Deep Dive Week 14: Deshaun Watson and the pursuit of excellence

Charles Rex Arbogast – AP Photo

While watching The Herd with Colin Cowherd yesterday (what can I say, I must have been really, really bored), I heard a discussion worthy of a second listen when former Cardinals QB Carson Palmer was guesting on the show. The rather hyperbolic phrase I’m referring to is Palmer saying that Deshaun Watson “is the most enticing employee to work with right now”, which got me thinking: is that true?

Well, to try and explain why I think Watson deserves such a debate, it’s probably best to start with a little background: some tales of the past, some reminiscing over Bill O’Brien’s magical time as Head Coach and General Manager.

It all begins back in the far-away time of 2017, when we could all go outside, shop without a mask and fans could go and boo their various horrible franchises in person. (Bengals, I’m looking at you).

The Texans made the correct decision to draft Clemson QB extraordinaire Deshaun Watson with the 12th overall pick, swinging on a player that had not only killed the giants of Alabama in a National Championship, but had thrown for over 10,000 yards, scored a total of 116 touchdowns and all with a completion percentage of 67.4% during his three years as a Tiger.

While this was happening, however – and in a seemingly direct attempt to subvert the best efforts of Watson over the next two years – the Texans were busy trading left tackle Duane Brown to the Seattle Seahawks as he attempted to negotiate a new deal with some guaranteed money in it.

The decision resulted in a rough couple of years for Watson, as it became clear that any success he was looking for under O’Brien was all going to have to come from him. His rookie year ended after just seven games because of an ACL tear, but he returned in 2018 to carry his Texans to a sensational 11-5 record.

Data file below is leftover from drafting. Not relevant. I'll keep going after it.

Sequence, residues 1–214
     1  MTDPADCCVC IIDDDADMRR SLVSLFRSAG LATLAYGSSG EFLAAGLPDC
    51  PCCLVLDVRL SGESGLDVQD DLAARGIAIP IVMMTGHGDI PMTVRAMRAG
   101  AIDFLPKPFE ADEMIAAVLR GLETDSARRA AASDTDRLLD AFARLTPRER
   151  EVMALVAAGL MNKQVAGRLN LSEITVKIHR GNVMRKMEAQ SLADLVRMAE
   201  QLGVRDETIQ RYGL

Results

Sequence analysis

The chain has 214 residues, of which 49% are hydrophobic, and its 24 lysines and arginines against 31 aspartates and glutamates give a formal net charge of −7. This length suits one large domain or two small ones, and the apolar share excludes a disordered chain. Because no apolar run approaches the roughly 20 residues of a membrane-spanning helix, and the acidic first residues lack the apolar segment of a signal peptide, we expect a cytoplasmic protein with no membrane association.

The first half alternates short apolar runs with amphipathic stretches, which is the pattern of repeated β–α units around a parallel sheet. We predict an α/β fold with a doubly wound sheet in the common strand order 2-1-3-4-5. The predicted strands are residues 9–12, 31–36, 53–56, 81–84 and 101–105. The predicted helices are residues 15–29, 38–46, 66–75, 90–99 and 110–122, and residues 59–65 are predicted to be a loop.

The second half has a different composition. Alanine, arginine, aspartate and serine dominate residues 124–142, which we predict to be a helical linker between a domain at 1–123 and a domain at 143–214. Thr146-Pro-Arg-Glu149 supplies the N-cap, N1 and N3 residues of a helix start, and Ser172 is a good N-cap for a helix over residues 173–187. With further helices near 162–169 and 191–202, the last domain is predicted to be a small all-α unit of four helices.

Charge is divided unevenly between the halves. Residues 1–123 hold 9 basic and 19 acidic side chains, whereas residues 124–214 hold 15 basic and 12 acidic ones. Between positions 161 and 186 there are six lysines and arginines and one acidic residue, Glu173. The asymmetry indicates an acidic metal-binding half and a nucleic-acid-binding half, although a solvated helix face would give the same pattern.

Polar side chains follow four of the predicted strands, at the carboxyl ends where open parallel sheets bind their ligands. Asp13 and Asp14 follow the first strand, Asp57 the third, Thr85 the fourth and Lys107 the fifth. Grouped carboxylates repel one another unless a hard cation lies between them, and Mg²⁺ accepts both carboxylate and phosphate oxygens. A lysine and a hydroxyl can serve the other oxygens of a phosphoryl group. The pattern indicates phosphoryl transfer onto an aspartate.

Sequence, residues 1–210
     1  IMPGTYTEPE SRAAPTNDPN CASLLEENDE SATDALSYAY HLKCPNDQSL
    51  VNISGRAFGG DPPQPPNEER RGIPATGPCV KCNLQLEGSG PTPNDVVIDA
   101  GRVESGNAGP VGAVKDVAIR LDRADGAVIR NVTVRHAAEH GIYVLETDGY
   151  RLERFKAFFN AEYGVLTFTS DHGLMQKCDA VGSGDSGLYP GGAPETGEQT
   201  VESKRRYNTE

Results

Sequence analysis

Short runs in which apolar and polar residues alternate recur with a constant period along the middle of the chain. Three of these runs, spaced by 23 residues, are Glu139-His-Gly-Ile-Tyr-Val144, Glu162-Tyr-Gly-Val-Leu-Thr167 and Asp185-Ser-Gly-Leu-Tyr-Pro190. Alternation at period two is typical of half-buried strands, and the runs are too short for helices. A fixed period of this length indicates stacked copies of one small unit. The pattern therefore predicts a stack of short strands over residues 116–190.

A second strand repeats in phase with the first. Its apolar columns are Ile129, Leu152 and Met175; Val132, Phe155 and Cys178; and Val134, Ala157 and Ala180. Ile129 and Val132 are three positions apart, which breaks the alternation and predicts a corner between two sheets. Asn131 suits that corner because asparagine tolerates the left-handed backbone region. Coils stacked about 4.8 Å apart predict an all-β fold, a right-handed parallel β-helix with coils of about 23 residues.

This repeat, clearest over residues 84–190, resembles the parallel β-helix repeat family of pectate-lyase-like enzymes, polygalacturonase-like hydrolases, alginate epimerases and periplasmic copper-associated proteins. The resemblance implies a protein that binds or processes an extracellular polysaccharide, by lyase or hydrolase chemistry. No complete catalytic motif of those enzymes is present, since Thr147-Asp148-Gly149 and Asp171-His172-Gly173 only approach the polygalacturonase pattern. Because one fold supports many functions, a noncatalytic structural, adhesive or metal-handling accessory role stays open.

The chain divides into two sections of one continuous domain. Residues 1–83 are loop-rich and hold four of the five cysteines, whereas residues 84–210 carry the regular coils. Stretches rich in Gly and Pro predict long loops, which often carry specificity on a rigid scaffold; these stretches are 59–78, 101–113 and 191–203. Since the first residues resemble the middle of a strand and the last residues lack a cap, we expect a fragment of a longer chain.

And when I say he carried them, I mean it. In 16 games in 2018, behind a poor offensive line, Watson was sacked a mammoth 62 times in regular season football. That’s nearly four a game and if that isn’t enough to explain, here’s some more useful context. The 3-13 Arizona Cardinals only gave up 52 that year – 10 less, with a porous line and a sensational triple header of Josh Rosen, Mike Glennon and Sam Bradford under centre – oh, what a combination.

Over the next two years, O’Brien would make Watson’s job significantly easier with a number of great value for money trades.

Oh wait, sorry I misspoke, let me try again.

Over the next two years, O’Brien would make Watson’s job significantly harder with a number of terrible value for money trades.

Brett Coomer via the Houston Chronicle

First of all, they replaced the ‘too expensive’ Duane Brown with Laremy Tunsil, who cost them a pair of first round picks, a second round pick and is currently averaging over $22 million a year in cap space in this deal. Duane Brown, on the other hand, is averaging just $12 million in his four-year deal, and don’t think they’ve got a ton of extra production out of all that extra cash spent. Brown and Tunsil have both given up fewer than five sacks since the start of 2019.

Add to this potent mixture the DeAndre Hopkins trade before this season, and suddenly Watson’s task appears all the more impossible, and O’Brien’s firing looks all the more reasonable.

Hopkins, arguably the best receiver in the league, averaged 1,228 yards per season and recorded 55 touchdowns in his seven years in Houston with his huge catch radius. But he was traded away for a second round pick and a David Johnson contract that was well above what anyone could consider to be of value.